McKayla has customized her new hand by having it printed in her two favorite colors: pink and teal.
“We offered her any color she wanted and said we could make it as close to natural as possible, but she was adamant about pink and teal as the colors,” explains Dailey. “The kids around her are used to her having her ‘little hand,’ so for her to suddenly have this giant, plastic prosthetic that looks natural would probably have been more shocking to them than having a plastic prosthetic that was pink and teal and looks more like a glove. I do know some people want the natural look, but others want to have as much fun with it as possible.”
McKayla got her new hand in June, and Dailey asked her to keep a journal over the summer detailing her feedback on the hand’s functionality. The journal information is still being collected, but McKayla has already reported the myriad benefits of using her new prosthetic.
“It helps me carry my school books and do many things at home like play Legos with my brother, or carry out a box of markers or crayons with my sister,” she says. “But some improvements I would like to have in my next version are to be able to carry more books and to write/hold a pencil.”
For Dailey, it’s clear the first version of this 3D printed hand is just the beginning of a much larger project. “After McKayla talked to me about what she’s interested in and we got the chance to learn about who she was, it became a question of ‘what can we do to make these future iterations of her hand more functional for her?’” Daily explains.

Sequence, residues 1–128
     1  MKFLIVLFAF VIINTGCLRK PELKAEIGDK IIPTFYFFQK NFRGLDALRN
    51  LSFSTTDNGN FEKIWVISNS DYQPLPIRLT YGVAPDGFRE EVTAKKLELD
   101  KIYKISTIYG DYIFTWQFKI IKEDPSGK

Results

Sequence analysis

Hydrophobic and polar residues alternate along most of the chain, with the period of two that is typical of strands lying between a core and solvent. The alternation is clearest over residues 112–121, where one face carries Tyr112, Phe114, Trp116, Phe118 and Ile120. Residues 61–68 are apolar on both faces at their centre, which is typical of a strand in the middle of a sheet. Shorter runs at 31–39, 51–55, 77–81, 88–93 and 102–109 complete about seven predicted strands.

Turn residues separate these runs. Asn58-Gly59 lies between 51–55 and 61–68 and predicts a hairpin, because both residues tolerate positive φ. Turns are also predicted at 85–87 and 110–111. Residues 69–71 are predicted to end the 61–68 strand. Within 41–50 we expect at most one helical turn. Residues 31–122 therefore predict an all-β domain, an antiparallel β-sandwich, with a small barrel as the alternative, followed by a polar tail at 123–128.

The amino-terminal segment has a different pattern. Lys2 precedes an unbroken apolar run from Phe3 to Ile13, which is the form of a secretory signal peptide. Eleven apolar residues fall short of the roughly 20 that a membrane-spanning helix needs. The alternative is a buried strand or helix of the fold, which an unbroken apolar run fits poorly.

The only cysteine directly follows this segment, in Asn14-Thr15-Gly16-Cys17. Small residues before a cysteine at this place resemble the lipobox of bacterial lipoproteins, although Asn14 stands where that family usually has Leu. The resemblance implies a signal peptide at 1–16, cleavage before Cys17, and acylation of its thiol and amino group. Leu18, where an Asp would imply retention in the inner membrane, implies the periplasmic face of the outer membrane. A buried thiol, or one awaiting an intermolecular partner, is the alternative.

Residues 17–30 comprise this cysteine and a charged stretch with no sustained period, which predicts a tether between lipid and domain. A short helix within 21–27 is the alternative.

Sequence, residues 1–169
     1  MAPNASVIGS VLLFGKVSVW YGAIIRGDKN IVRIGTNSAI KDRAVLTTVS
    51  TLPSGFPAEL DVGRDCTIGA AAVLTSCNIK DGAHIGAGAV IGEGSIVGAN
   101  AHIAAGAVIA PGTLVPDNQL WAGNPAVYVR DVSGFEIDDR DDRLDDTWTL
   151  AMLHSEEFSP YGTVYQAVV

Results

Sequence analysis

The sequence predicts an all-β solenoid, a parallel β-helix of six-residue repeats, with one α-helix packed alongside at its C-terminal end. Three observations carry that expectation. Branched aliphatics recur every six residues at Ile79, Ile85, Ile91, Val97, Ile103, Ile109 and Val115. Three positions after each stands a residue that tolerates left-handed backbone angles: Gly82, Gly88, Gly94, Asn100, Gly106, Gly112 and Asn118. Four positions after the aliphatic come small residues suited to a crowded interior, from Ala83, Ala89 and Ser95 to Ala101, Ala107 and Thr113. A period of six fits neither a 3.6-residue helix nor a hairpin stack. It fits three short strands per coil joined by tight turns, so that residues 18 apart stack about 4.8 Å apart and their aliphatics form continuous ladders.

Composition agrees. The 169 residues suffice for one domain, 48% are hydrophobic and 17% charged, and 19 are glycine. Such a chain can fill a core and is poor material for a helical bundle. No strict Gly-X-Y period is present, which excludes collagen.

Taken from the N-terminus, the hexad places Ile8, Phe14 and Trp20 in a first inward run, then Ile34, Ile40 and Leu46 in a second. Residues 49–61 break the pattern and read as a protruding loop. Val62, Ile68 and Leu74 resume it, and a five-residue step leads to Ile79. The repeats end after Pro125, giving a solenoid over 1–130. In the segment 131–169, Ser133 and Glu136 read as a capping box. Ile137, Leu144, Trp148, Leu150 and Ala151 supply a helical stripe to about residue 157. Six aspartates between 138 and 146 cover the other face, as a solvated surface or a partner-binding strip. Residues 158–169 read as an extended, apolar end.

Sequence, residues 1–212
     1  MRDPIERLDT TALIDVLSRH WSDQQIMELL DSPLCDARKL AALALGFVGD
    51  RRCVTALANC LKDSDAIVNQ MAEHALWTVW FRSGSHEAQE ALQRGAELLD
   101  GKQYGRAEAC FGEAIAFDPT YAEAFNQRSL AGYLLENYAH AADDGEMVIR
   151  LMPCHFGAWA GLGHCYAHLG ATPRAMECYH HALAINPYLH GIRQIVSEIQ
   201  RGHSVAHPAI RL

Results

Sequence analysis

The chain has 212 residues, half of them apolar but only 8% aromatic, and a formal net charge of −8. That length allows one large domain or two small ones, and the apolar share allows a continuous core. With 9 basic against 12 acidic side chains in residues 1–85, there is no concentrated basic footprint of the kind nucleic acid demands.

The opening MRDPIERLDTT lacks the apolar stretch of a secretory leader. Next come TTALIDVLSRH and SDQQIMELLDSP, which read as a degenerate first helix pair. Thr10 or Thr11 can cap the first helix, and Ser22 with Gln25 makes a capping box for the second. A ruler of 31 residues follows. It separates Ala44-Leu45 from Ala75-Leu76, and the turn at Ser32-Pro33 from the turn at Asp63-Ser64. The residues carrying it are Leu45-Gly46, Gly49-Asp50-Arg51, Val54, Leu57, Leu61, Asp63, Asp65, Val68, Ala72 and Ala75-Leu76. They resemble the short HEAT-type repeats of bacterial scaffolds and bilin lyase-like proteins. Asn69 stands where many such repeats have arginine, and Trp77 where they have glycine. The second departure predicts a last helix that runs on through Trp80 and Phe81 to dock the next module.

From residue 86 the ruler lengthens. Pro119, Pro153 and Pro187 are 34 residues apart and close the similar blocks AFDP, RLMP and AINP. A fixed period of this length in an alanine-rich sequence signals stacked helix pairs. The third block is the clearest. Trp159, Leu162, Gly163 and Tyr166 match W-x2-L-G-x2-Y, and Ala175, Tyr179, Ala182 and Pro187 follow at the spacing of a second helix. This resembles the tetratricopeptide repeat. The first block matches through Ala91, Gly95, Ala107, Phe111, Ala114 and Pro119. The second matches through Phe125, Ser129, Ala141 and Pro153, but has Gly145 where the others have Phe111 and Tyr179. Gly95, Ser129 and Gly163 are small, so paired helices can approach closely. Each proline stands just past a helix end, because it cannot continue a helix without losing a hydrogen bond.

An improvement Dailey is already working on: creating a three-digit hand. “As of right now the fingers are two digits—where the top and middle knuckle are solid and then there’s the bottom knuckle that’s flexible—and there are certain limitations that we’ve seen for her,” he says. “It doesn’t quite close tight enough onto objects for her to be able to be manipulative with things, so right now we’re looking for a hand design that’s more than two digits so that she can brush her hair or hold a pencil. And if there’s not, we are going to start taking the current design and break it down.”
McKayla also plays softball (she’s a catcher), so another future prosthetic is planned to allow her to use two hands when she bats instead of having to hold it with one hand, which limits her control over the bat and how hard she can swing.
For Dailey and the students involved in the project, being able to create these ‘cool’ new iterations of a 3D printed hand is only a small part of the take away.
“The process itself was one of the more rewarding things I’ve done in teaching. This was something where you got to really see the result of your work first-hand,” says Dailey.
“I got to see the look on her face when she picked up a bottle for the first time with her left hand; it was a very overwhelming experience. And seeing the impact it had on the people around me, not even the people who were directly involved, but the admins and those who were around during the course of the process. Just seeing the impact it had on them it was a really exciting and rewarding opportunity that I was glad to be a part of.”
Photo courtesy of Ellen Schuck, Director of Technology for Hudson Public Schools